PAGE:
As Julian Treasure points out in one of his TED talks, architects and designers tend to focus exclusively on the eyes. “They use them to design with, and they design for them”. As a result, many of us end up spending our working lives packed into open plan offices that sound a lot like this.
Kim and Dear (2013) found that around 60% of office workers are dissatisfied with sound privacy, and around 30% are dissatisfied with noise level.
The most recent research from the Leesman Index paints an even worse picture:
Why do we put up with this? Surely as acousticians, architects and interior designers, we have a responsibility to deliver spaces where people will perform at their best. Unfortunately, budget constraints are often an issues, and acoustics is neglected in favour of visible design elements.
This may be a huge mistake. Are you aware that this noise reduces the productivity of knowledge workers in an open plan office setting by 66%? (Banbury & Berry, 1998)
If we can work that much more effectively in good acoustic conditions, it stands to reason we can make our organisations more profitable, just by considering acoustic as well as architectural and interior design.
But let’s not stop there. If we reduce noise, and allow people appropriate conditions in which to work (which may include quiet rooms to retreat to), it’s not unreasonable to expect that this might make them healthier, and happier – meaning less profit lost due to sickness and recruitment (Evans & Johnson, 2000, Pejtersen et al 2011).
The spend on acoustic design is a one off. The benefits will last you forever.
Throughout 2014, dBx Acoustics is committed to raising awareness of the many benefits of good acoustic design in the workplace, and in particular office acoustics. We will be publishing a series of articles, audio demonstrations and examples of good and bad practice, as well as keeping you updated on our progress.
We have already started a survey to find out how people feel about sound in their workspaces. Please join in – it only takes a couple of minutes to complete.
If you are an architect, interior designer or office user who would like to get involved, let us know.
If you work in an office which you think is great, or terrible, we’d also love to hear from you; we want to gather data on what makes a good office!
We are highly qualified, award-winning acoustic designers with significant experience of office acoustic design. We can work as part of your design team to make sure all aspects of acoustics are considered, from building services noise to reverberation control, ensuring good speech intelligibility. We can also advise on sound insulation between cellular spaces, preventing confidential conversations from being overheard and providing appropriate privacy to meeting rooms and offices.
We understand that your eyes will never be unimportant when designing a workspace, so we can suggest a range of acoustic options to fit with your aesthetic requirements.
We can also help you to consider the layout of your open plan space, positioning teams with differing noise generation and tolerance profiles to control disturbance as far as possible.
Our lead acoustic designer, Susan Witterick, has 16 years experience of office design, including well-known schemes such as:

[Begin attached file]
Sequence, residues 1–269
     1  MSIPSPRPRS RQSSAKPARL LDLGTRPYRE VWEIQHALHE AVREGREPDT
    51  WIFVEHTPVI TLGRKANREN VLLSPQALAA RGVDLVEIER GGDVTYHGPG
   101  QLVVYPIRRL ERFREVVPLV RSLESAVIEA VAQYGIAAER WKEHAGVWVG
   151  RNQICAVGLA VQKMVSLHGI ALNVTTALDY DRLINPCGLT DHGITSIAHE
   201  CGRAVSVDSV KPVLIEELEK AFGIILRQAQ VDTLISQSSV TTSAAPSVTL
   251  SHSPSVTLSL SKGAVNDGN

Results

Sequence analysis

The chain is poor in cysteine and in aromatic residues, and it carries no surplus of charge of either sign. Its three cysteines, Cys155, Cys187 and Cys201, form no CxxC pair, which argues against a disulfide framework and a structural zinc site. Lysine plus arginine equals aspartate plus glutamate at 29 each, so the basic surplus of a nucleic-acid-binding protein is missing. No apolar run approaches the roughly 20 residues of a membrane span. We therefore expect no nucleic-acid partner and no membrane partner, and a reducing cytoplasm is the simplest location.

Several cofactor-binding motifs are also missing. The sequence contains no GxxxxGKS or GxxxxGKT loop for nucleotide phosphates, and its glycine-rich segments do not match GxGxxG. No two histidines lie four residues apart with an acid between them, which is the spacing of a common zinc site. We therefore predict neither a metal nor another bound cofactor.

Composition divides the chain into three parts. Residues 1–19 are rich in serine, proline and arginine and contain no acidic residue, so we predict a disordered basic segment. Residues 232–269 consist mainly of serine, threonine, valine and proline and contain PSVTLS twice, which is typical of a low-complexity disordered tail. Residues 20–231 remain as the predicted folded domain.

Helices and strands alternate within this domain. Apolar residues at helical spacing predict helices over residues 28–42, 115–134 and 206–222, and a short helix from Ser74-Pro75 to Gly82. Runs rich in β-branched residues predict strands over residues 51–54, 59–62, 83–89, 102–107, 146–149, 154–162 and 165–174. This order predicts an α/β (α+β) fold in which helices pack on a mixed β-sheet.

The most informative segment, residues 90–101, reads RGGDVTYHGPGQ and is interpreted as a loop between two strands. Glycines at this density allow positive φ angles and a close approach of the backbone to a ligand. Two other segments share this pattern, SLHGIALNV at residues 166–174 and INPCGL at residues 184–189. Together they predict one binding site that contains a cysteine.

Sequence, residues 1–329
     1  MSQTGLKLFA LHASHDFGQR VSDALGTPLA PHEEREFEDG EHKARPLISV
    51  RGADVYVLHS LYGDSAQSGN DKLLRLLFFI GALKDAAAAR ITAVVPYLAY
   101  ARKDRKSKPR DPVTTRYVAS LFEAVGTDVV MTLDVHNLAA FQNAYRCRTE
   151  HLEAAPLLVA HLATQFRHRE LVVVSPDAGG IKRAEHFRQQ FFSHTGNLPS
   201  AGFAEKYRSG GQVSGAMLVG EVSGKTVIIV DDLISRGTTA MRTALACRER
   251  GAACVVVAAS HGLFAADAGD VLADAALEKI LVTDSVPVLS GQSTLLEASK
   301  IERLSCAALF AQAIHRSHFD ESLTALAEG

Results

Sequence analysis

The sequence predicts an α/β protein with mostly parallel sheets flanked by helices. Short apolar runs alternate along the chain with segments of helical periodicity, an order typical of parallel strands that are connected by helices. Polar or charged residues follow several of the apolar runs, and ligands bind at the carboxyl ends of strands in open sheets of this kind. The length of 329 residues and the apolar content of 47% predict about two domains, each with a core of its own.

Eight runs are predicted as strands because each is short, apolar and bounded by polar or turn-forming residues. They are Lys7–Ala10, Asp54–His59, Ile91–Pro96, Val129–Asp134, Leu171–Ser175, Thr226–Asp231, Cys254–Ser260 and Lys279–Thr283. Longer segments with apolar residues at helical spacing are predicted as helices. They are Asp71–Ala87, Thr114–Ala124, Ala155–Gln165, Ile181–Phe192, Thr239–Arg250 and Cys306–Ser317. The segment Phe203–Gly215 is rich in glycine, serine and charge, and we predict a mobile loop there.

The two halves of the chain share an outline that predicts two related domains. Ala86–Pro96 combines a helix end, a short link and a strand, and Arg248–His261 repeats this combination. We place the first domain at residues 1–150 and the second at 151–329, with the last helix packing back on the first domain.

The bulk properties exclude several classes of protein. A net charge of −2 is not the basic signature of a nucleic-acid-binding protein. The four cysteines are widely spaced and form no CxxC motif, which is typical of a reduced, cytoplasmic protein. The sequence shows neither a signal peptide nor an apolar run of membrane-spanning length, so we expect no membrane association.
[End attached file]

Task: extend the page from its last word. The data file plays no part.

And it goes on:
Most recently, dBx Acoustics has been involved in the design of high-privacy meeting space for a confidential client in London.
It’s never too late. Whether you are considering a new build or a move to a new office, or have issues in your existing offices, we can help. Contact us now for a complementary 30-minute consultation. With offices in London and Manchester, we consult nationwide.
Banbury, Simon, and Dianne C. Berry. “Disruption of office‐related tasks by speech and office noise.” British Journal of Psychology 89.3 (1998): 499-517.
Evans, Gary W., and Dana Johnson. “Stress and open-office noise.” Journal of Applied Psychology 85.5 (2000): 779.
Kim, Jungsoo, and Richard de Dear. “Workspace satisfaction: The privacy-communication trade-off in open-plan offices.” Journal of Environmental Psychology 36 (2013): 18-26.
Pejtersen, Jan H., et al. “Sickness absence associated with shared and open-plan offices—a national cross sectional questionnaire survey.” Scandinavian journal of work, environment & health (2011): 376-382.
The Leesman Review 13-2 (May 2013) available at http://leesmanindex.com/leesman-resources
As the workplace evolves, more and more people are working flexibly – whether that be late at night, from a sun terrace in Italy, or in a specially designed co-working space.
Clockwise provide the latter – contemporary private offices and shared workspace with flexible membership plans. With sites in Belfast, Edinburgh and Glasgow, we were delighted to be asked to work on their “new kid on the dock” at the iconic Edward Pavilion on Liverpool’s world-famous Albert Dock.
Appointed by international construction company Ardmac in 2018 and working alongside architects 74, we were asked to help with specifying partitions between the workspaces. Sound insulation is very important for bustling co-working spaces, helping to provide settings that support different activities, such as having private conversations, focused/individual work and collaborative sessions.
We assisted the partition specification and detailing to maintain sound insulation between different workspaces while ensuring we didn’t impact the fabric of the building, which is a 19th century warehouse with preserved original features, including cast iron columns, Victorian brickwork and barrel vaulted ceilings.
We also worked on building services noise control, particularly on the upper floor, which features air handling units sitting on plant decks suspended within the open plan office space.
A historic building on a historic site, we’re proud to have worked on this challenging and exciting project.